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I'm working on an employee review section in my rails app. So far, there are 7 categories that someone is reviewed on, which means that I want a rating and a comment for each category.

Is it better to have one Review model that has fields for each category rating and comment? Or should I have two models - a Rating model and a Review model, where the Review model has_many ratings, and where a rating belongs_to a review? I am trying to keep in mind that I may add, change, or delete review categories in the future.

Thank you!

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4 Answers 4

up vote 3 down vote accepted

It can be argued that this is a data modelling best practices question, not just a rails best practices question. It is difficult to give a 100% accurate answer without knowing more about your problem domain.

The most flexibility come from the multiple model approach. It will be easier to add (or remove) categories in the future. If, however, you are expecting a very large number of entries in these tables, you would get better performance out of the single model approach.

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Using a category type table makes it easy to add a new category (simply add a new row to the type table), Assuming referential integrity were set up properly, removing a category is also easy: just delete that category type. –  BryanH Jun 13 '11 at 17:37
Thanks. I completely missed the step of adding a categories model. What would you consider a large number of entries? –  NicSlim Jun 13 '11 at 17:53
@NicSlim The "large number of entries" threshold is ultimately dependent on the brand of database you are using, the number of concurrent users accessing the database, and the capabilities of the hardware that hosts the database. If you are measuring the number of entries in thousands, you are probably OK. In hundreds of thousands, probably not. –  Dave Isaacs Jun 13 '11 at 18:23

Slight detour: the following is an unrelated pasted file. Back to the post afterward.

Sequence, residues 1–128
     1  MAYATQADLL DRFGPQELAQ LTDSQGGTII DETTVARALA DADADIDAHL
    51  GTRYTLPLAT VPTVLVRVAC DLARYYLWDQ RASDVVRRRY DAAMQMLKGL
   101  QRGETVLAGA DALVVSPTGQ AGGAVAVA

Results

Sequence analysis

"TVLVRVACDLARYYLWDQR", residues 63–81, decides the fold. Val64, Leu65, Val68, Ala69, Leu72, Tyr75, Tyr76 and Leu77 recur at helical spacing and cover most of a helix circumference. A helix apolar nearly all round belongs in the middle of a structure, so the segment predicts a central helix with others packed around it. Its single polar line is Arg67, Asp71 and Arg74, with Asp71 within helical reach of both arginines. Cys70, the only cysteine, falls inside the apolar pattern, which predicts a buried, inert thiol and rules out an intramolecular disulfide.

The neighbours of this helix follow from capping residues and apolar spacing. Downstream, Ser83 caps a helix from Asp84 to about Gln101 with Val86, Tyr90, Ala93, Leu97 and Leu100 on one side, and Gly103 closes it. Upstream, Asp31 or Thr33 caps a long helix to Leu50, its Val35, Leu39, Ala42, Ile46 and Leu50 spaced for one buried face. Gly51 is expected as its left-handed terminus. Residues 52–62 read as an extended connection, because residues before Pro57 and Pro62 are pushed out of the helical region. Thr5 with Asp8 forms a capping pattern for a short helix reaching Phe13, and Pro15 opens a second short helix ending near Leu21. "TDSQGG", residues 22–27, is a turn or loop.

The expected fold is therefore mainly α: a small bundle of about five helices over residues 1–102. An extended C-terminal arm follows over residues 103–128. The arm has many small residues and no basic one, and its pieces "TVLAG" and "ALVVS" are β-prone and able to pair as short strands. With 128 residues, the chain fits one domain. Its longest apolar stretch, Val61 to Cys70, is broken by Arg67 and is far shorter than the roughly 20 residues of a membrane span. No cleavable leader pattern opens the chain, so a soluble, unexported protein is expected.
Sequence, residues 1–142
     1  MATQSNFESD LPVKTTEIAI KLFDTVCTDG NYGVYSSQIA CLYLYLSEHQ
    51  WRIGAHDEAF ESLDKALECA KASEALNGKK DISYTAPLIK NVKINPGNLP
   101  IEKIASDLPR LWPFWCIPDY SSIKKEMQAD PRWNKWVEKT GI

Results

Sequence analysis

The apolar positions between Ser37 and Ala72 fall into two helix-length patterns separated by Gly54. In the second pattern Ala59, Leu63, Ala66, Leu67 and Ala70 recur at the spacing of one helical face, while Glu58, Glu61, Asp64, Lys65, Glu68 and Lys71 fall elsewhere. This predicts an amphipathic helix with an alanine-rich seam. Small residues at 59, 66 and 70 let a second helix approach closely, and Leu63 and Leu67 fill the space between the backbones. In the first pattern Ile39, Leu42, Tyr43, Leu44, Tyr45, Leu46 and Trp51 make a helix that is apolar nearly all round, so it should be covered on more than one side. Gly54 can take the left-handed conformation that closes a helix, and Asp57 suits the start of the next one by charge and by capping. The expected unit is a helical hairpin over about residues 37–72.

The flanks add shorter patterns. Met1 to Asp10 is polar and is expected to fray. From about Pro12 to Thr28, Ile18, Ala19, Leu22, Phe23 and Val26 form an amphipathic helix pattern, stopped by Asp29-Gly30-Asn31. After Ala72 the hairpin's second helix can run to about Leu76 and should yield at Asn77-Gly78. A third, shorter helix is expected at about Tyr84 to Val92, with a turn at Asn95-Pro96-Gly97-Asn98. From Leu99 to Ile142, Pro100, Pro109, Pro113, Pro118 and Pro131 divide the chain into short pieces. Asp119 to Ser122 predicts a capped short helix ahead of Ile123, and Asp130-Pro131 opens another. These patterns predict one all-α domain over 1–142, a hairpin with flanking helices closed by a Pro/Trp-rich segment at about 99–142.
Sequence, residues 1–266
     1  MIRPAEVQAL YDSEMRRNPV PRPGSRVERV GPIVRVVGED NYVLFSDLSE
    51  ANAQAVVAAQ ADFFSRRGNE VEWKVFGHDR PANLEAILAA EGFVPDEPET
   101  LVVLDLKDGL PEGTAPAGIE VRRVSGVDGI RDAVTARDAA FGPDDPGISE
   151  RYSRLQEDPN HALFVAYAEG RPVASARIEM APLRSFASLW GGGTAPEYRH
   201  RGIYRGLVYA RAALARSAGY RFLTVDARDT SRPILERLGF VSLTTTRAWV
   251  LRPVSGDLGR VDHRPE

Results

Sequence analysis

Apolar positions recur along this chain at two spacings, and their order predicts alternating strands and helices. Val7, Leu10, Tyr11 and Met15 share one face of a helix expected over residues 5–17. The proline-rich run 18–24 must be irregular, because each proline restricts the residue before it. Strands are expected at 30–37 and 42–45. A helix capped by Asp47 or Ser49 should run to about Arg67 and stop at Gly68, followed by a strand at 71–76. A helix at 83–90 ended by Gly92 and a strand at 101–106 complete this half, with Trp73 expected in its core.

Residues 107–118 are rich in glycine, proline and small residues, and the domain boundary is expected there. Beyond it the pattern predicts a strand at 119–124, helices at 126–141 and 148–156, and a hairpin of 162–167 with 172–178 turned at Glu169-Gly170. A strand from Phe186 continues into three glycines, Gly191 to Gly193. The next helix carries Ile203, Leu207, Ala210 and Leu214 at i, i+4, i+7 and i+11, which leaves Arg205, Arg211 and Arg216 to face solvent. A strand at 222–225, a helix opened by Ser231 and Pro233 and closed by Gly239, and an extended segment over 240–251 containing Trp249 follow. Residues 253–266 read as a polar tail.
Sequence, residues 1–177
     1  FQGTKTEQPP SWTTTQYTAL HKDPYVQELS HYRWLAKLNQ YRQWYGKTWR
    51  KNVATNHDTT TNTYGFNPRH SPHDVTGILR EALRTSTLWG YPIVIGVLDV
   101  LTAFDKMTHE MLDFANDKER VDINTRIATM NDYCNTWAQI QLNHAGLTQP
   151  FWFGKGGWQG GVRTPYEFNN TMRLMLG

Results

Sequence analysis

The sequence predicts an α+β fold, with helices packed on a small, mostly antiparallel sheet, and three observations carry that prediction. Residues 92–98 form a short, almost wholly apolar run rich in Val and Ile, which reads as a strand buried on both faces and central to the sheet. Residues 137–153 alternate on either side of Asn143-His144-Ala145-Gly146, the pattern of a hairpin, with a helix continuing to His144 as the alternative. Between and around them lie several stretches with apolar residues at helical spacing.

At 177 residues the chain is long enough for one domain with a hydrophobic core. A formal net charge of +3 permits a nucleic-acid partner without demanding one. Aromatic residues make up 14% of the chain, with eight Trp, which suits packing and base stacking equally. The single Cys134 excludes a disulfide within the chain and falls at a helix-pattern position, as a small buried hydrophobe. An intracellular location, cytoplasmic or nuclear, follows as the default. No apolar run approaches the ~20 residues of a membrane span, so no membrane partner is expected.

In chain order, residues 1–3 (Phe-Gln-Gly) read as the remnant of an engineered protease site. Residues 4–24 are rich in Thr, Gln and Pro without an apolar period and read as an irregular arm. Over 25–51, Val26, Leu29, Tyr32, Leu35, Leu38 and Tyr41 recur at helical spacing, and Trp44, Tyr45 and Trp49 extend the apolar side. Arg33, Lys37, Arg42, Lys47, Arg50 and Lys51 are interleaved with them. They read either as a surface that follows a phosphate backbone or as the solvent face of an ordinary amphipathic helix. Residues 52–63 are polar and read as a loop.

If it will be trivial to add new fields later (not a lot of change control / paperwork, etc), I'd just go with the fields.

If you need to make it flexible for adding the new categories without changing the code, then you need to have 3 models:

  has_many :ratings

  has_many :ratings

  belongs_to :review
  belongs_to :category

Store the name of the category in Category and the numeric value in Rating

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Remember to keep it DRY. If you have multiple models doing the exact same thing (ratings + comments on categories), with the same controllers and views, then your code is not DRY.

You can easily make one model (and controller and view) that assigns a type to each category object. So say your categories are ["On Time", "Dresses neatly", "Keeps desk clean"] Now you would have those each as a type for your model.

In fact, I'd make the Category table a three-way join

Category belongs_to [Type, User, Supervisor]

Category includes rating and comment.

So here's what Category object might look like:

id: 203
type_id: 2
rating: 4
comment: "Seems to get to work on time, 
          but usually late coming back from lunch"
user_id: 2
supervisor_id: 1
created_at: (whatever)
updated_at: (whatever)

You have your type object

id: 2
name: "On Time"

Your user objects

id: 1
name: Dick Jones
supervisor_id: null

id: 2
name: Clarence J. Boddicker
supervisor_id: 1
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Yes. It makes sense to have a separate type object. Originally I thought the category would just be an additional field in the ratings model. Could you expand more on how my original structure of a Review model and a rating model isn't DRY? The Review model would just hold the Supervisor ID and date of review. –  NicSlim Jun 13 '11 at 17:51

If you want to normalize, then another table for sure. I'd have a Review model and Category model (Review has_many :categories), but I'm not familiar with your problem domain. However, if people are reviewed on 8 categories next time, it's a no brainer to add one if you have a separate table.

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